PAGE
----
For the last few months we’ve been on the look-out for a harmonium (also known as a pump orgel / trøorgel / reed organ, etc). Whilst largely consigned to the dump, or used as sideboards in other countries, the harmonium is almost ubiquitous in Norway, and can give a very evocative and expressive sound. We have a variety of these instruments around the parish, but none were available to move the church in Finnsnes where we occasionally use one for our Våpenhus concert series.
My first encounter with a harmonium was in the choir room of the methodist church where we grew up: several of us used to enjoy seeing how fast we could pump the foot bellows and therefore how loud we could make it play. I don’t think we did it any good, and in addition some of the stop came off in ones hand (I don’t think we were responsible for that). It also had the classic wheeze caused by perished bellows.
Anyway, last week one came up for sale very cheap on finn.no (the Norwegian equivalent of ebay). Given that it looked relatively modern in the pictures and the seller assured me it worked, on Friday afternoon I set off with a friend on the 8 hour round trip to collect it from a small village near Harstad, south of Finssnes. I had constructed a trolley to save carrying the instrument, and before we set off I checked the dimensions to make sure it would fit in the car. In the event the trolley immediately collapsed (weak wood) under the weight, and it turned out to be about 2cm to big for the car. Thankfully the top of the case could be removed allowing it to fit: just!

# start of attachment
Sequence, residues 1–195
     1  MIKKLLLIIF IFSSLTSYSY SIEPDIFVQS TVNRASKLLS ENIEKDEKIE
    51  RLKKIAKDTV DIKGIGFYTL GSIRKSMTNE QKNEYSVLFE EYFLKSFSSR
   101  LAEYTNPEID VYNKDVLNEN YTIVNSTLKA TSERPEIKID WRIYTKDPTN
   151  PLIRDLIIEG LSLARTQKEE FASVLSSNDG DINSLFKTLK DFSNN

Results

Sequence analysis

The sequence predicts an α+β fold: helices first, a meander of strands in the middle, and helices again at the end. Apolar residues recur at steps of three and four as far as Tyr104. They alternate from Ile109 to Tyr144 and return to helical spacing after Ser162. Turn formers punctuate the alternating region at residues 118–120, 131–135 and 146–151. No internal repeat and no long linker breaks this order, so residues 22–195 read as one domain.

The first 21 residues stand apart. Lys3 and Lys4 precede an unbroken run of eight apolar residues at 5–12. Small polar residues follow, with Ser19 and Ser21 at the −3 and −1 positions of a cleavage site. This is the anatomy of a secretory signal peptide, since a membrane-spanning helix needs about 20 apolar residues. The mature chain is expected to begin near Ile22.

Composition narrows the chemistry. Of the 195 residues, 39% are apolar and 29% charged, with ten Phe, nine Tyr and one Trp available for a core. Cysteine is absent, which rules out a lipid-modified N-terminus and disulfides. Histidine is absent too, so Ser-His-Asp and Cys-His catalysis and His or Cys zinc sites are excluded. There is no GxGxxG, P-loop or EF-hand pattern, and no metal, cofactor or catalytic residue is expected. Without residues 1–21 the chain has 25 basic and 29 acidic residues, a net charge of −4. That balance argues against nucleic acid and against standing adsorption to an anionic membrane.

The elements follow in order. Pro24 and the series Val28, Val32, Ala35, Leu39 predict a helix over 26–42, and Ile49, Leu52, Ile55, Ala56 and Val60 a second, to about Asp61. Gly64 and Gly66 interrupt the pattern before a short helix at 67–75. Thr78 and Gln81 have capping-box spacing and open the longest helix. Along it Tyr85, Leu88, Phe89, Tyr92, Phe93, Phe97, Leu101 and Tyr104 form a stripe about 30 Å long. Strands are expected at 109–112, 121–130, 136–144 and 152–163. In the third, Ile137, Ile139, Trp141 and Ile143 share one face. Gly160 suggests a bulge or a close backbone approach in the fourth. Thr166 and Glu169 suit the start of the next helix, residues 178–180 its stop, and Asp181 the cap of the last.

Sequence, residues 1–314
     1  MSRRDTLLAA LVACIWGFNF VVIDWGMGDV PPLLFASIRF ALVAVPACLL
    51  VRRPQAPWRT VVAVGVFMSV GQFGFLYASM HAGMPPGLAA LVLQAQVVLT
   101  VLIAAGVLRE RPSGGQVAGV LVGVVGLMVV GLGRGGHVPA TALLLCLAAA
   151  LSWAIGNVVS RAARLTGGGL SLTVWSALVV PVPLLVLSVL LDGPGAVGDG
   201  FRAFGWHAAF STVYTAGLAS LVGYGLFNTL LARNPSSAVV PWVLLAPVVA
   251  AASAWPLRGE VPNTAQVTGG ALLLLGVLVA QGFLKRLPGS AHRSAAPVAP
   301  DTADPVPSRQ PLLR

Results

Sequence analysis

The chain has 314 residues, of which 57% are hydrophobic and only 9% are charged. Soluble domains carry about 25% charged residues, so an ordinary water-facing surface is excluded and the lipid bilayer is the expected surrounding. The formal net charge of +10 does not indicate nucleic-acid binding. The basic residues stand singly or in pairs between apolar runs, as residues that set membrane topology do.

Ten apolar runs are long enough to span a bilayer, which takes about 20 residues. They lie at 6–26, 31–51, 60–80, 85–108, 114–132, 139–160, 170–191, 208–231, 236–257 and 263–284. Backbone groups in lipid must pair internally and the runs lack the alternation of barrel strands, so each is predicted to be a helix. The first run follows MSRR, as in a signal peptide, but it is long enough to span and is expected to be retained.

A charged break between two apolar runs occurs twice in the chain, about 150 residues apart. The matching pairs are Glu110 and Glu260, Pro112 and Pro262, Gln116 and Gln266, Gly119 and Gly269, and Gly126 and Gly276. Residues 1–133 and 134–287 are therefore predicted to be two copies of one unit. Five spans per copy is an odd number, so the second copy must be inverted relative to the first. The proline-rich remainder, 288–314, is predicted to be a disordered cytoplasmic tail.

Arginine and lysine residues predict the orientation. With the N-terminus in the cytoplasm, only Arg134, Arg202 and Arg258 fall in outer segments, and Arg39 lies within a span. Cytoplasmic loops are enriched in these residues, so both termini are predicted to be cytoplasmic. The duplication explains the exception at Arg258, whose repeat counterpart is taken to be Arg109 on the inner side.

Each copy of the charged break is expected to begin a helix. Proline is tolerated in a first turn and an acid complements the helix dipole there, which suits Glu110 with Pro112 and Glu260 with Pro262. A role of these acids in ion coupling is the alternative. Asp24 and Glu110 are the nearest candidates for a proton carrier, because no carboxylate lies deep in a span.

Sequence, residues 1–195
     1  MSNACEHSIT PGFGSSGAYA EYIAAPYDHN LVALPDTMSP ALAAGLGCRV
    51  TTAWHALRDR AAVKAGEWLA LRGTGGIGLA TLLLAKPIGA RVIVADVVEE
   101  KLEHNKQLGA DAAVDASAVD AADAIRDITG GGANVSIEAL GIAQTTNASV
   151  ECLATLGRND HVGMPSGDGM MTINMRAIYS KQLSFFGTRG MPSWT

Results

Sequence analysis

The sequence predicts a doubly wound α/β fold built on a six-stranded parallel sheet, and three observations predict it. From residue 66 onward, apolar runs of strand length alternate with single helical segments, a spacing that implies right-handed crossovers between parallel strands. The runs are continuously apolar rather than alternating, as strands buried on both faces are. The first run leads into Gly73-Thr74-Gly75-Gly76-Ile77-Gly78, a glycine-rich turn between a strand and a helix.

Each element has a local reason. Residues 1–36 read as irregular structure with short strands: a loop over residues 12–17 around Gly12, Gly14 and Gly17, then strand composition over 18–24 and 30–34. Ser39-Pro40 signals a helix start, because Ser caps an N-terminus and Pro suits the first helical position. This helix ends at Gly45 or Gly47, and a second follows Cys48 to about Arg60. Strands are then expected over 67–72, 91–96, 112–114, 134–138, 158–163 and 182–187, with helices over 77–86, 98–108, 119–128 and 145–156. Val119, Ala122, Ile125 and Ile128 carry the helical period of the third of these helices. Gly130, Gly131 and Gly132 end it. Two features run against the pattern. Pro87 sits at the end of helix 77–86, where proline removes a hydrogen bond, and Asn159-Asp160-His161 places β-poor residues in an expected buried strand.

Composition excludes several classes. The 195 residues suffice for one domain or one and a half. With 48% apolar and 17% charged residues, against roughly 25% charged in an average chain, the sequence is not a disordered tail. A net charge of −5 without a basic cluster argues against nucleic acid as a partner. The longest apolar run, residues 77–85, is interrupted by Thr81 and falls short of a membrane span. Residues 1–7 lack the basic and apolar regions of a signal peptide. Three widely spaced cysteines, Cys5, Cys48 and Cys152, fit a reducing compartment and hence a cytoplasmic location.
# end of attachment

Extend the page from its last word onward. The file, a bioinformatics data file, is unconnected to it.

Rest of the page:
Other than a couple of asthmatic sounding reeds, it plays well and it’s now residing in the ventilation plant room in our church offices, awaiting a little TLC (removing the ‘clean your teeth’ stickers from the case, and wiping the numbers off the keys). Here is the view the previous owner had across their fjord, and pictures of the harmonium in it’s new home (for the really geeky):
Some people may remember the ventilation room from a couple of years ago: Sarah used to practice there on a borrowed instrument.
It was also the venue for a couple of spoof classical music videos, filmed for the annual parish ‘revue’ known as mørketidsfest (dark time festival), marking the beginning of the polar night. We’ve hesitated about releasing the videos publicly (not necessarily our best performances), but here is one for now, and if there’s a demand, we’ll release another. Just remember: it’s not supposed to be serious!!!!!